Villainous, p.4

Villainous, page 4



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  “Hey, it’s no picnic,” said Daniel. “Not Mollie, I mean, but the summer school part is about as much fun as you’d think.”

  “Yeah,” said Eric, “but you two are together, like, almost every day.”

  “What’s your point?” said Daniel.

  Eric shrugged as if there was no point, but of course there was. Or else why bring it up?

  “Eh, I’d get sick of Daniel too,” said Rohan. “I’m already sick of him and I haven’t been here more than a couple of hours.”

  “You should have stayed underwater, then,” suggested Daniel.

  “Better company down there,” said Rohan.

  The boys went on ribbing each other for a while, but through it all, Daniel’s thoughts kept coming back to Mollie. He’d remembered what his dad had suggested, about offering to tutor her, and if he was serious about wanting her to pass history, then she needed his help. But Mollie always made things so difficult, and today was a prime example. They couldn’t even talk about earrings without her flying off angry. Not to mention that if he agreed to do this it would mean devoting an extra hour or two every day after school to the books. It would mean even more summer hours lost.

  Louisa. Mollie. Girls in general gave him a headache these days, and Daniel decided that the best cure would be to clear his mind of them entirely. And luckily he knew something that would work better than aspirin. He could just reach the bridge trellis without having to swim to it. Grabbing hold, he swung his legs over to the bottom rung and began to climb it like a ladder.

  Daniel passed the jump mark, a spot arbitrarily designated by his friends as being a safe but fun place to do a cannonball into the pool below. He kept on climbing until he reached the very top, the diving platform. In reality it was just a few boards nailed to the trellis to provide a place to stand, but it served its purpose. Daniel took a couple of steps back from the edge, breathed in deeply through his nose, and smelled the water, the tang of fresh air, and growing things. And beneath it all, the tar of the road above him. Down at the bottom Eric was lying out on the rocks and Rohan had taken his snorkel back underwater. Daniel would have to be careful not to land on him.

  He was just starting to prepare his dive when he heard a girl laugh behind him.

  “Mollie—” he began, but couldn’t finish, because he was interrupted with a rough push.

  He threw out his arms to get his balance, but when he stepped out to steady himself, there was nothing except air beneath his foot, and he tripped off the high diving platform. Instead of cutting through the surface in a graceful dive, he hit the water flat on his chest.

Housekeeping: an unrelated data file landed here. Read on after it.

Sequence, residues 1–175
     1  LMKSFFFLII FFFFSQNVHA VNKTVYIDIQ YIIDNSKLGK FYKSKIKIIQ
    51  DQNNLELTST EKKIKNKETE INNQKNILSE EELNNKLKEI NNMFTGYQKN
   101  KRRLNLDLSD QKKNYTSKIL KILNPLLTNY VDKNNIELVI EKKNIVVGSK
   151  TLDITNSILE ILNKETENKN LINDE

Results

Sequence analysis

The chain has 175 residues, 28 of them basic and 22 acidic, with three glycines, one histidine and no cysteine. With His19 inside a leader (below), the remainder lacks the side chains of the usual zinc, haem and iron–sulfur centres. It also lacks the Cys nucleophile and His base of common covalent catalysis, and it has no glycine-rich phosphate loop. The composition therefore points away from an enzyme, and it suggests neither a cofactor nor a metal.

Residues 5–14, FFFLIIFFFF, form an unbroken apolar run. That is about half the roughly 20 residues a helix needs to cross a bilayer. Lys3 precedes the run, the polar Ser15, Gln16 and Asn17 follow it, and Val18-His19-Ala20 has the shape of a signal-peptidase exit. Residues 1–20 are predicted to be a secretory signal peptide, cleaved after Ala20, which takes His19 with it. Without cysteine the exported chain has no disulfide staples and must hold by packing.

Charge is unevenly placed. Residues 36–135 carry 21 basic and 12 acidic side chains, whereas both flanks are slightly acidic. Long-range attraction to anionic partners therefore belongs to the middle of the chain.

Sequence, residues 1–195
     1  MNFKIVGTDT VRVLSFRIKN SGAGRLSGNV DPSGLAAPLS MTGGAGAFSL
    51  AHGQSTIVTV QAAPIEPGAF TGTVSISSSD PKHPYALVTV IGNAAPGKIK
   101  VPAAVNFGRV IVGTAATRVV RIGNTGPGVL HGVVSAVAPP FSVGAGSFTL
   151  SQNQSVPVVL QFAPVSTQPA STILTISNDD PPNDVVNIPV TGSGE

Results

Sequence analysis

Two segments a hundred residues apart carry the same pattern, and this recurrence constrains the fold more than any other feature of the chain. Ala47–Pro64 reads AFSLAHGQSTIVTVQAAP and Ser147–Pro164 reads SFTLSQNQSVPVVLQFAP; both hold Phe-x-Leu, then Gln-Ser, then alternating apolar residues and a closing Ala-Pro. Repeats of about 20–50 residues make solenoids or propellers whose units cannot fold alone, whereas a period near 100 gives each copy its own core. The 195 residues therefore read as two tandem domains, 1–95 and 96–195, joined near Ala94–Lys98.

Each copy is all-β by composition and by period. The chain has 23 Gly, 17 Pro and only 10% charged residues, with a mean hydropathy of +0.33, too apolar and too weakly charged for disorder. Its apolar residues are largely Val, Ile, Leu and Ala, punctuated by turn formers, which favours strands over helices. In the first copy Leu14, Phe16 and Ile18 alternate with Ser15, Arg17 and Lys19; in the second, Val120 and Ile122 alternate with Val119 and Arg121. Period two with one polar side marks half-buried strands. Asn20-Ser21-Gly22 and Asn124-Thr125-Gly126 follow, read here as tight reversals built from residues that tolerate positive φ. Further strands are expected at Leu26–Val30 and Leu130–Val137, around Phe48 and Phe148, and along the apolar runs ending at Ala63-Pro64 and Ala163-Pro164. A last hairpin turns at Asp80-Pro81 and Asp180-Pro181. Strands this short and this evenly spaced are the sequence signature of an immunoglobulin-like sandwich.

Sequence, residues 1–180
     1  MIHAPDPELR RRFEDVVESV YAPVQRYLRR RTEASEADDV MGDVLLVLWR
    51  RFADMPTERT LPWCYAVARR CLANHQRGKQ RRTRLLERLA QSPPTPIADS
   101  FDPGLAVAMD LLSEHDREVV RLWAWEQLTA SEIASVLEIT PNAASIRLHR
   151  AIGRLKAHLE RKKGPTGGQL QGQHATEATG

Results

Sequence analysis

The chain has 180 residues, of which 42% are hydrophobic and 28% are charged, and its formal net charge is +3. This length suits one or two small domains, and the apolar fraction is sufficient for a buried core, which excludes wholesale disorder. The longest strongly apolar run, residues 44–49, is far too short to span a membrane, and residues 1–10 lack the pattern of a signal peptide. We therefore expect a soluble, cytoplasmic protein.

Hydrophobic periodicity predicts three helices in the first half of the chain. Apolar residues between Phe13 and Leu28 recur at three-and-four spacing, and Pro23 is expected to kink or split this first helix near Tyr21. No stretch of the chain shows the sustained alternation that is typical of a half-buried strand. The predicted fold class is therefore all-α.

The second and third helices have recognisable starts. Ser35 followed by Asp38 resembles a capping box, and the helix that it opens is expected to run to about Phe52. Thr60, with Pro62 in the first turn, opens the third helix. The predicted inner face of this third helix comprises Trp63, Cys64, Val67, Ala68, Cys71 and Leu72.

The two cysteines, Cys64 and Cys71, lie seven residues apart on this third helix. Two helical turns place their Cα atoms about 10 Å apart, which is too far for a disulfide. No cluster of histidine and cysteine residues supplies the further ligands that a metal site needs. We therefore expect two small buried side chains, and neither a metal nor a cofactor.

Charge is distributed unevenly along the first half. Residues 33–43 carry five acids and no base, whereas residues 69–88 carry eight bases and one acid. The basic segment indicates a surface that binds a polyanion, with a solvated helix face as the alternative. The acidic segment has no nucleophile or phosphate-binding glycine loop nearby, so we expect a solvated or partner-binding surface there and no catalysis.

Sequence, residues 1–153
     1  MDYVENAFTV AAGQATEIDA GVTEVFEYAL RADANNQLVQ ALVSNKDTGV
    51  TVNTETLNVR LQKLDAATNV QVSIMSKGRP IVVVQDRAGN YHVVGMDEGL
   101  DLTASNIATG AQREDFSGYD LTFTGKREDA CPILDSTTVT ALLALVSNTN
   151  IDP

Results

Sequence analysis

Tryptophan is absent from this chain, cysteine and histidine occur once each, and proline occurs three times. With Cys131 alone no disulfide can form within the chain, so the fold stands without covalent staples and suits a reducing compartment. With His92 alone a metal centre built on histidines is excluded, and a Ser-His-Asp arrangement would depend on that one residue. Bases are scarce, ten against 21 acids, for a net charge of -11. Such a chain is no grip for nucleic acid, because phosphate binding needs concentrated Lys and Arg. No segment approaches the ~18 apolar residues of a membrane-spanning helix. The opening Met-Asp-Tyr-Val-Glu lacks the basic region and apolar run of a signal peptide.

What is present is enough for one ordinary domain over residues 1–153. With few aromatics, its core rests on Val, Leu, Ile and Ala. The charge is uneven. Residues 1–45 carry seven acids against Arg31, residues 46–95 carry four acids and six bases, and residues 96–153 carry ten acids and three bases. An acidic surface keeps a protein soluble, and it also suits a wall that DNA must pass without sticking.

It felt like he’d been slammed with a board. Panicked and disoriented by his tumbling fall, Daniel swallowed a mouthful of water as he sank. He tried to swim, to kick himself back to the surface, but he had trouble moving. He wanted to breathe, he needed to breathe, but he didn’t even know which way was up.

  Then someone else was there. An arm wrapped around his middle and he felt someone pulling him. He added his own kicks to theirs, and soon they’d broken the surface together. Daniel took a deep gulp of air. It felt like he’d never breathed before.

  “Swim, Daniel!” someone was shouting into his ear. “I can’t hold you up!”

  Daniel looked over to see Mollie’s sputtering face next to his. Her chin was barely cresting the water.

  Then Eric was there hauling both of them out, his powerful hands grabbing hold of theirs.

  The three landed on the bank in a heap, and for a few minutes no one said anything. Mollie lay on the rocks catching her breath while Daniel coughed up some greenish water. Rohan knelt nearby, and even Michael had returned from the skies. They all looked concerned.

  Daniel peered down at his chest—there was no need to worry about a sunburn today; he was already bright red from where he’d smacked into the water. It hurt simply to breathe.

  “What …,” he said, wincing with the effort of sitting up. “What did you think you were doing? You could’ve killed me, Mollie!”

  Mollie stared at him, her wet hair having come loose from its ponytail and now plastered across her face. It didn’t hide her look of shock, however.

  “Me? I was saving your life! What was that you did anyway, a belly flop?”

  Daniel felt his blood rising. Maybe he’d been less than sensitive about her new fashion statement, but she really could have hurt him. Killed him even.